SLED and Abortion

Though the abortion rate in the US has been declining recently, the Guttmacher Institute (GI) still reports over 860,000 abortions in the US in 2017. GI also reported that in 2014 “17% of abortion patients identified as mainline Protestant, 13% as evangelical Protestant and 24% as Catholic…” Also according to GI one-third of all women in the US will have had at least one abortion by age 45. What are the reasons given for having an abortion?  According to GI, 74% say “having a baby will dramatically change my life.” And 73% also say “I can’t afford a baby right now.”  However, these reasons do not justify a parent killing a 2-month old baby (at least not currently), so why do they seemingly justify abortions?  What is different about a pre-born human being and a born human being such as an infant, or toddler, teenager, etc.?

Let’s consider the four main differences most often raised by pro-choice advocates.  A good way to remember them is using the acronym SLED (What To Say and How To Say It by Brandon Vogt.)  Picture an infant riding a sled.  S is for Size.  L is for Level of development. E is for Environment. D is for Dependency.  In the next articles, we will see how these differences are arbitrary and rather than reasons are merely rationale for discrimination against the unborn that do not withstand scrutiny.
In Christ, Ken.

Sunday, May 31, 2020

FX “AKA Jane Roe”

In a recent article, a Ms. Valenti - referencing the FX program “AKA Jane Roe”- chastised the pro-life community for manipulating Ms. McCorvey, the “Roe” in Roe v. Wade.  Here is an excerpt from my reply:

I’m going to suggest that such abusive behavior, use of lies and deception (at least be honest Ms. Valenti, the pro-choice side is in no way innocent here) is the result of wanting too much for “your team” to win.  It does not arise from a desire that “the truth will out.”  Consequently, I disagree with those on my team who want to cry “fake news” or personally disparage pro-choice activist’s use of Ms. McCorvey.  In the final analysis it does not matter what position any one or several persons espouse on this matter as they “cross the finish line.”  In fact, even popular opinion is not what matters. What matters is what is the unborn?  If it is not a human being, then abortion is of no concern.  If it is – as science tells us – a human being from the moment of conception, then I am obligated to lobby that the right to life, which inherently belongs to human beings, be returned to those who have had it taken away. As implied in your article, Ms. McCorvey – as a human being – deserved far better treatment than being seen merely as a “trophy,” so to do the unborn in untold numbers deserve far better treatment than to be seen merely as a non-entity to be destroyed at whim.  Both sides of this issue would do well to repent of and forgo the ethical infractions your article brings to the fore and engage in discussion of the core issue. Simply saying “Yay, for our side!”  and calling each other “Liar!” is unlikely to make any meaningful contribution of any sort.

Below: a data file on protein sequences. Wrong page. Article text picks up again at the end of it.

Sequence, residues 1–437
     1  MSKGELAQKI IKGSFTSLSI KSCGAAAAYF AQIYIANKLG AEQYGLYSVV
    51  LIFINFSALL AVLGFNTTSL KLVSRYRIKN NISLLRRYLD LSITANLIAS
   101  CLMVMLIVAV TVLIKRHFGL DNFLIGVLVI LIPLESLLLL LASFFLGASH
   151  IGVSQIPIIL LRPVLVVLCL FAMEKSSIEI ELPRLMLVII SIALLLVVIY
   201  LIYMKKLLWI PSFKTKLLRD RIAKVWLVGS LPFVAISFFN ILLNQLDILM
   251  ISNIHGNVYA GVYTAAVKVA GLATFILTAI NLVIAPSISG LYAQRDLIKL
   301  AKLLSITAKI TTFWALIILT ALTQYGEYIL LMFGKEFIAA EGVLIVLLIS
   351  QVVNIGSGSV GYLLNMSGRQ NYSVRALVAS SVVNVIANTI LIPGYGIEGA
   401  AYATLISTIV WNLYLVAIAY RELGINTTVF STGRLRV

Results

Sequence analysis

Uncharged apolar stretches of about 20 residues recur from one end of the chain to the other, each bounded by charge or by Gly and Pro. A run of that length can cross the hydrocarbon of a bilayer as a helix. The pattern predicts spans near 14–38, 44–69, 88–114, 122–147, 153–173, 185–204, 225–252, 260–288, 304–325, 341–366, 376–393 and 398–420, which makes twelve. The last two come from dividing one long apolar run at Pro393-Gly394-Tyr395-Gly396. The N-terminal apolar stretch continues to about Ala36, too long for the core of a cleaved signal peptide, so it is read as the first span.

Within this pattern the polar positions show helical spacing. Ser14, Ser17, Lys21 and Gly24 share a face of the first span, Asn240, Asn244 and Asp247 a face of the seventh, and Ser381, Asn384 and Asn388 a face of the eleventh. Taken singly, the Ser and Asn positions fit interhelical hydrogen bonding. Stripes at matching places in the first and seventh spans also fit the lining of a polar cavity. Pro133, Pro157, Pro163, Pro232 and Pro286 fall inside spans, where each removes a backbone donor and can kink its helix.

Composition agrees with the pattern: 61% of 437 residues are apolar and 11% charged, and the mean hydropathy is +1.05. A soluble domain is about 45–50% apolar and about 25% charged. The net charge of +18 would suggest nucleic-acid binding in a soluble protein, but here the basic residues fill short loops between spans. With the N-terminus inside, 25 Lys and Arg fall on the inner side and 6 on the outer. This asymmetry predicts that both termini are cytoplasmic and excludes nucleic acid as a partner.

In Christ, Ken.

Sunday, May 24, 2020

The Unborn are Human Beings:

First, the unborn are human beings. Somewhat ironically, it is science that tells us that the unborn are human beings.  From the moment it exists an entity has being.  And from the moment of conception an embryo has human DNA, he or she is the product of two human beings and thus is a human being. 
Some will object that it is “just an embryo” or “just a fetus.” However, look up the terms in most medical dictionaries and you will learn that among humans an embryo is a “human being from conception until the seventh week of life.” While fetus - derived from Latin for little one - refers to a human being from the eighth week of life until birth.  Therefore, referring to the unborn as a fetus only describes the stage of development of a human being. To deny that the unborn is a human being is to deny biology.
Another objection is that sperm and eggs have human DNA but we don’t consider them “human beings.” Author and apologist, Trent Horn addresses this: “Sperm, egg, fetuses, and toddlers are all human in the adjective sense of the word, since they possess human DNA. Unlike sperm and egg, however, fetuses and toddlers are also human in the noun sense of the word. A fetus is a human and a toddler is a human, while an individual sperm cell or egg cell is not a human. This is similar to how we might say apple pie and the president are both American, while the president of the United States is an American, and the apple pie is not.” 1
In Christ, Ken.
Persuasive Pro Life: How to Talk About Our Culture's Toughest Issue. Catholic Answers Press.